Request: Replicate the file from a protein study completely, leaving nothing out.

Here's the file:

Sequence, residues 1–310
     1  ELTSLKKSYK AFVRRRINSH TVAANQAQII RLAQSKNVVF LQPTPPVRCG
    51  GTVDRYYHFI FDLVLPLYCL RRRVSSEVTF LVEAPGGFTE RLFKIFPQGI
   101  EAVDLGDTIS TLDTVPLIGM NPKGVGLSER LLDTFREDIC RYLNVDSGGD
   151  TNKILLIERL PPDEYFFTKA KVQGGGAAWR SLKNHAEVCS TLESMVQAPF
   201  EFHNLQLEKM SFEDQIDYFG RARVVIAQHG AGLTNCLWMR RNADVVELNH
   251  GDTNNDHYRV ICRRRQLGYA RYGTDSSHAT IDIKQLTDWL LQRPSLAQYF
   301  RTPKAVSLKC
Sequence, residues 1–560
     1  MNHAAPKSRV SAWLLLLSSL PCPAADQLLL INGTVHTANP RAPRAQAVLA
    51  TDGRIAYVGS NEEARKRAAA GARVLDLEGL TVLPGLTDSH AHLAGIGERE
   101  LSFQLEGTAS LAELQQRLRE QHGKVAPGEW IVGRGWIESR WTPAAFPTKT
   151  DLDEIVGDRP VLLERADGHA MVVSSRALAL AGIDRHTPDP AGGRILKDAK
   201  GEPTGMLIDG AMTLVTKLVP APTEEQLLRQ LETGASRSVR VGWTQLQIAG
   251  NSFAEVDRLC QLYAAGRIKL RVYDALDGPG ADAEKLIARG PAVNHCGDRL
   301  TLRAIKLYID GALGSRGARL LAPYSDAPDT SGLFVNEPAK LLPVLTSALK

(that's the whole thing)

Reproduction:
Sequence, residues 1–310
     1  ELTSLKKSYK AFVRRRINSH TVAANQAQII RLAQSKNVVF LQPTPPVRCG
    51  GTVDRYYHFI FDLVLPLYCL RRRVSSEVTF LVEAPGGFTE RLFKIFPQGI
   101  EAVDLGDTIS TLDTVPLIGM NPKGVGLSER LLDTFREDIC RYLNVDSGGD
   151  TNKILLIERL PPDEYFFTKA KVQGGGAAWR SLKNHAEVCS TLESMVQAPF
   201  EFHNLQLEKM SFEDQIDYFG RARVVIAQHG AGLTNCLWMR RNADVVELNH
   251  GDTNNDHYRV ICRRRQLGYA RYGTDSSHAT IDIKQLTDWL LQRPSLAQYF
   301  RTPKAVSLKC
Sequence, residues 1–560
     1  MNHAAPKSRV SAWLLLLSSL PCPAADQLLL INGTVHTANP RAPRAQAVLA
    51  TDGRIAYVGS NEEARKRAAA GARVLDLEGL TVLPGLTDSH AHLAGIGERE
   101  LSFQLEGTAS LAELQQRLRE QHGKVAPGEW IVGRGWIESR WTPAAFPTKT
   151  DLDEIVGDRP VLLERADGHA MVVSSRALAL AGIDRHTPDP AGGRILKDAK
   201  GEPTGMLIDG AMTLVTKLVP APTEEQLLRQ LETGASRSVR VGWTQLQIAG
   251  NSFAEVDRLC QLYAAGRIKL RVYDALDGPG ADAEKLIARG PAVNHCGDRL
   301  TLRAIKLYID GALGSRGARL LAPYSDAPDT SGLFVNEPAK LLPVLTSALK